Imagine if physicians did not have access to basic measurements like blood pressure, temperature, or blood tests. This lack of data would make it difficult for them to diagnose and treat illness. Just as these basic data are essential for physicians, data from civil registration and disease surveillance programs are vital for pinpointing the diseases and injuries that are cutting lives short and causing suffering around the world. These data can also guide policymakers toward solutions that make people healthier. Unfortunately, huge gaps in these crucial data sources present major challenges to evidence-based health policymaking.
That is why we at IHME welcome the Data for Health initiative, funded by Bloomberg Philanthropies, which aims to improve the availability of birth and death records and non-communicable disease surveillance data. The Union North America is coordinating the Data for Health project, and grantees include the University of Melbourne, the US Centers for Disease Control and Prevention, Johns Hopkins University, and the World Health Organization. This is the type of international collaboration that can produce profound results for population health.
As the coordinating center for the Global Burden of Disease (GBD) project, we at the Institute for Health Metrics and Evaluation (IHME) at the University of Washington are part of an international effort to measure early death and disability for more than 350 diseases, injuries, and risk factors. We have identified major data gaps that, if filled, would dramatically improve the science of global health measurement. So far, we have gathered 30,000 different sources of data, creating the world’s largest population health data repository.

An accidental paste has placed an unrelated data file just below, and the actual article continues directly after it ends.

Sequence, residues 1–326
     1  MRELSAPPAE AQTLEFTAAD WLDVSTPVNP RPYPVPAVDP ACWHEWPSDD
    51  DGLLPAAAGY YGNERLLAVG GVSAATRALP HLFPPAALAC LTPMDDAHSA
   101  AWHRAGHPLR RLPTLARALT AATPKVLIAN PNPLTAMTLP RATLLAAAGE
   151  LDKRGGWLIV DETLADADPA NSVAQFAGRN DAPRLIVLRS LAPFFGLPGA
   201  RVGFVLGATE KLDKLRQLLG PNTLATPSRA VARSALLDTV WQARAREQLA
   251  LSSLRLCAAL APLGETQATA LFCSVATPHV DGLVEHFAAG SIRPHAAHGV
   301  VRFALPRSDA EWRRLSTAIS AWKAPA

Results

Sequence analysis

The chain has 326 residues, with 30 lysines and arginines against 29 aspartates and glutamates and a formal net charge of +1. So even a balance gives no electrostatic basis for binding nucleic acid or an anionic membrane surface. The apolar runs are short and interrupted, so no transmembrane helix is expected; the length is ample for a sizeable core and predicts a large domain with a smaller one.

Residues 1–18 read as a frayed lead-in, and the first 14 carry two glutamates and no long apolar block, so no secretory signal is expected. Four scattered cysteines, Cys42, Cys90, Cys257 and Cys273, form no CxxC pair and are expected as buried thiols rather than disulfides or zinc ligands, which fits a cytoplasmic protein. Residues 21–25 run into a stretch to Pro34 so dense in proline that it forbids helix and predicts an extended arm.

Only about a quarter of the world’s deaths are recorded through civil registration. India alone represents 17.5% of the global population and has a sample registration scheme that captures only 0.5% of deaths. Improving death records in India and other countries would represent a major scientific advancement. Information about the prevalence of non-communicable diseases in sub-Saharan Africa is also severely lacking. One powerful illustration of these data gaps is the fact the GBD study was able to find data from only six African cancer registries. In contrast, GBD used data from 64 cancer registries in Italy alone.
Partnering with countries to improve the availability and quality of data is essential if we are to address the vast inequalities in the global health data landscape and provide policymakers with the insight they need to reduce premature death and suffering. Better health data would also help donors – who spend more than $30 billion each year on health in developing countries – to invest their money in the most pressing problems.
With the funding IHME has received from Bloomberg Philanthropies, we are already gaining knowledge about tobacco use and interventions that will help policymakers make people healthier. We are eager to see the results of the Data for Health project, as it would accelerate our efforts to monitor progress around the world on a range of health challenges. By improving civil registration and data on non-communicable diseases, the project will reveal new insights about the world’s health and illuminate interventions that are urgently needed.
- Christopher J.L. Murray, Director, Institute for Health Metrics and Evaluation at the University of Washington